Rethinking the way your organization buys and uses paper helps trim the bottom line and can generate positive publicity.
Follow the tips below to reduce your organization’s office paper use, and visit NRDC’s Paper Project for more detailed information and tools to help reduce office paper use.
Also, consider joining the EPA’s free WasteWise program, which provides members with several benefits, including a technical assistance team that will help your organization conduct a waste audit and reduce waste.
For a useful discussion of waste reduction, see the EPA’s Resource Conservation section on reduction and reuse.
Reducing Paper Use Saves Money
A typical office disposes of about 350 pounds of wastepaper per employee per year. Identifying ways to reduce paper use can save money, time and space in your offices.
In 2005, the EPA Region 10 offices (in the Northwest U.S.) made a concerted effort to reduce paper use. Through a variety of initiatives including default double-sided printing and collection of scrap paper for reuse, the office reduced paper consumption by 30%, yielding an annual savings of $49,000.
Between 2000 and 2004, Bank of America reduced its paper consumption dramatically through an institution-wide campaign of online reports and forms, email, double-sided copying and lighter-weight papers. By reducing the basis weight of its ATM receipts from 20 pounds to 15 pounds, Bank of America saved more than just paper; this simple move also gained the bank additional savings in transportation, storage and handling costs, to the tune of $500,000 a year. Paper used for internal operations decreased 32%, saving more than a billion sheets of paper. A cost cut of $20,000 was made on a single report, by sending out postcards notifying clients that it was available online. By making forms available online instead of sending out hard copies, the company saved an estimated $10 million, not including the savings in postage and storage.
Smart Paper Practices Toolkit
Sample Memo for Developing a Smart Paper Plan
Get senior management on board with your organization’s plan to rethink paper use in the office.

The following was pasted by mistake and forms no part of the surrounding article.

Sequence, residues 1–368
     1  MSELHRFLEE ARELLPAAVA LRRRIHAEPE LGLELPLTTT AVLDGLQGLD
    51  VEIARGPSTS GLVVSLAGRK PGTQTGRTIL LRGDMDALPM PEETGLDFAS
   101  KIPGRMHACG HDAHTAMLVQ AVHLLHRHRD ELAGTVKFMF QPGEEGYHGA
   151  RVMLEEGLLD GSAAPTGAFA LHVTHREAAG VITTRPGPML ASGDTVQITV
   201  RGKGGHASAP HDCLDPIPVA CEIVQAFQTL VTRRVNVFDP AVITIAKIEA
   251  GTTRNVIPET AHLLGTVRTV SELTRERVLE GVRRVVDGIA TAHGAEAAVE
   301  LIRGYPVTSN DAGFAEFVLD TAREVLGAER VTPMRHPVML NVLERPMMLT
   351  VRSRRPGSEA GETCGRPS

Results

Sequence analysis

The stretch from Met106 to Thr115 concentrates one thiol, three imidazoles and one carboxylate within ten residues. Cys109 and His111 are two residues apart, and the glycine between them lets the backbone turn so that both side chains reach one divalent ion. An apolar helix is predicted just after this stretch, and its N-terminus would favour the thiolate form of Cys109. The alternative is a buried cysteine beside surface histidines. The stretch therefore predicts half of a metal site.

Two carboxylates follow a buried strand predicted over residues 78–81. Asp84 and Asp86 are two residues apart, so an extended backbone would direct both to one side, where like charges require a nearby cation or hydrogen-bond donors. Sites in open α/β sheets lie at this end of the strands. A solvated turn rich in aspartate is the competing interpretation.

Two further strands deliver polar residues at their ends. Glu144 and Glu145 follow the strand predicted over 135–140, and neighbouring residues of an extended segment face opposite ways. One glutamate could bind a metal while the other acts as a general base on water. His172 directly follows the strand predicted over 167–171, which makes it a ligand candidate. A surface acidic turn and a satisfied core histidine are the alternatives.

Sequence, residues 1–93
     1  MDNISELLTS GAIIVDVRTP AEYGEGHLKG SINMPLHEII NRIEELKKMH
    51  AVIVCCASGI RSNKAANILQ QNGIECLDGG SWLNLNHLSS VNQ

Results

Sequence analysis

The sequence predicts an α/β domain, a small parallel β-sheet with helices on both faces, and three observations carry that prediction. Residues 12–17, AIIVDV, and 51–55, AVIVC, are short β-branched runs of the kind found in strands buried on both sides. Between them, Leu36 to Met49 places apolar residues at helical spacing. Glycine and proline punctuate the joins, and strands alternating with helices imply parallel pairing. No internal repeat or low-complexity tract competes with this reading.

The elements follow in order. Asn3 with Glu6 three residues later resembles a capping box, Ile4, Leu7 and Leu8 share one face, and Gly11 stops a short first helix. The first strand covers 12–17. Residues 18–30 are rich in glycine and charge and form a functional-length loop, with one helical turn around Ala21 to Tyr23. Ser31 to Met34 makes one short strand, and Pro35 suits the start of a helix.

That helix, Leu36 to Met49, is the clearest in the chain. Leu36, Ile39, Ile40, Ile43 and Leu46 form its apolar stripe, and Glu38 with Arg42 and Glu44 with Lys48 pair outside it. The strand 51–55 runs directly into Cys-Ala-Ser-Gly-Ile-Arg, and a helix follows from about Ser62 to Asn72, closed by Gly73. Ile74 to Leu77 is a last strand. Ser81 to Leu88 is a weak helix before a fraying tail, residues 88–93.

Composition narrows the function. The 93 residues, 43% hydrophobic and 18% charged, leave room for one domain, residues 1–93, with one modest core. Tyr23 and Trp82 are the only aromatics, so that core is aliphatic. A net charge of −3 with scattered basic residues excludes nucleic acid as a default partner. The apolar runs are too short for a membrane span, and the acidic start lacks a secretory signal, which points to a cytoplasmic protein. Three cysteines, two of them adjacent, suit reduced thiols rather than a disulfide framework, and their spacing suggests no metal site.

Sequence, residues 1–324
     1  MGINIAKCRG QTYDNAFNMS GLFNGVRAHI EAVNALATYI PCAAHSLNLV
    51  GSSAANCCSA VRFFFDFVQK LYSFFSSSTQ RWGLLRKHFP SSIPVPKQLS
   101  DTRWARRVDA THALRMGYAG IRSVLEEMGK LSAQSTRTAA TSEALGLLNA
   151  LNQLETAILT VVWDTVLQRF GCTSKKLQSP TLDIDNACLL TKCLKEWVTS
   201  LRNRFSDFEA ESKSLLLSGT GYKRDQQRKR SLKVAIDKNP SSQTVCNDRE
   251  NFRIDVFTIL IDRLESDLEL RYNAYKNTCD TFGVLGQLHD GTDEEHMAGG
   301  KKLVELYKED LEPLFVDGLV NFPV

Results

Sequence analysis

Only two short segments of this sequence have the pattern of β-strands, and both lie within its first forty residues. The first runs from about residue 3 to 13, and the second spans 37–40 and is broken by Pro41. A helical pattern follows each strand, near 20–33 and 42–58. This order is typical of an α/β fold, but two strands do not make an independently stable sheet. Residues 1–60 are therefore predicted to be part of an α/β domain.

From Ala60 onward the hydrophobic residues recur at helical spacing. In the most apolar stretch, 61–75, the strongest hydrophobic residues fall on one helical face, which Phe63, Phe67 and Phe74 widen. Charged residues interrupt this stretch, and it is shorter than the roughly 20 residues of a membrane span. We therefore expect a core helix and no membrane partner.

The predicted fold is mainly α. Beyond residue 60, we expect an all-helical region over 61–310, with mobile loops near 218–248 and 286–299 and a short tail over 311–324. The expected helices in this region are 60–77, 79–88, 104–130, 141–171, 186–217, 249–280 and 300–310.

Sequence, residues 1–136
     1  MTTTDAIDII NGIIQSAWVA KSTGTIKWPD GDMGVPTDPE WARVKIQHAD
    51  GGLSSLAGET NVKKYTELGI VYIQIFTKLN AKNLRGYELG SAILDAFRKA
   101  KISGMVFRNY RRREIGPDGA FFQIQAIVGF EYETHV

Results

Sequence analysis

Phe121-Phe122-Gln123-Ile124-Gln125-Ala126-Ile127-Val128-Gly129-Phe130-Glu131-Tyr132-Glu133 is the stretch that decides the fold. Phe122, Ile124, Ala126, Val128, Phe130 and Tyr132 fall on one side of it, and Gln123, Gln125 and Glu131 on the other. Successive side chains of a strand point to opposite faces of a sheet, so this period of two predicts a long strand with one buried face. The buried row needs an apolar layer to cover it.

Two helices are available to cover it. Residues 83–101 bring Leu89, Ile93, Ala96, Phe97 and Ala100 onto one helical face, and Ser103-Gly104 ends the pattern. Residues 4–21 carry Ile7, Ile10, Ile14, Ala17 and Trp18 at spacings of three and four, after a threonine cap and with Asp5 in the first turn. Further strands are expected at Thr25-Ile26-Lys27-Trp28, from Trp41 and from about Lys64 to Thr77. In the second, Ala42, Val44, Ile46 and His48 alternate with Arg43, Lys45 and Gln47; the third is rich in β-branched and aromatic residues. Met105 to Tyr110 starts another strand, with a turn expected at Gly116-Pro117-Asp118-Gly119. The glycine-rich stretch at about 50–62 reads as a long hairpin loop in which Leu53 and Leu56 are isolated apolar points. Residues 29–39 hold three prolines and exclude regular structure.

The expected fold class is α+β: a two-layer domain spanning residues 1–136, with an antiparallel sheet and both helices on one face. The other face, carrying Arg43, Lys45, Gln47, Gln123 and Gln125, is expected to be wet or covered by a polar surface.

Office Paper Use Questionnaire
Use this questionnaire to assess current practices in your office and find out where there’s room to improve.
Paper Reduction Worksheet
Start off with simple paper reduction strategies like these. Edit the spreadsheet and add your own strategies to create a customized plan for your office.
NRDC’s New York eco-committee created these signs to help its New York office follow the new guidelines.
Sample Paper Procurement Policy
NRDC worked with a major printing company to develop these guidelines, which it now uses as procurement guidelines.
Paper Supply Verification Form
Use this form to find out if your supplier is providing your organization with environmentally friendly paper.
Paper Use Reduction Tips
- Subject to your organization’s email policies, use e-mail instead of paper or faxes whenever practical – for internal memos as well as communications with clients and customers.
- Don’t print e-mails. Put the words “save a tree, don’t print me” in your organization’s standard email signature.
- Print less: keep mailing lists current, and don’t overprint copies or outside print jobs.
- Reuse what you can. Stock your fax machine with paper already printed on one side; reuse oversize envelopes and boxes; use one-sided “draft” paper in your printers.
Printers and Copiers
- As printers and copiers need to be replaced, purchase units that can print on both sides of a sheet of paper. Then set all computers and copiers to a default setting for double-sided printing.
- Save and collect 8.5 x 11 inch paper that’s been printed on one side, restack it neatly, designate a paper drawer on each printer (or as many printers as practical), and use it to print drafts.
- Adjust the house style on word processing programs to use a slightly smaller font and slightly wider margins; use the electronic “edit” and “comment” features to work on drafts instead of printing.
- Cut down on the number of periodical subscriptions you buy. Survey to see who subscribes to what, then work out a sharing system.
- Reduce the amount of unwanted mail your organization receives by unsubscribing or requesting to be removed from generic mailing lists.
- Stock the kitchen with real mugs, plates, bowls and utensils to discourage the use of paper and plastic disposables. Consider cloth napkins or use paper towels with high post-consumer recycled content.
- Encourage employees who carry in lunches to use reusable bags and napkins. Consider providing sponsor-branded bags for employees to use.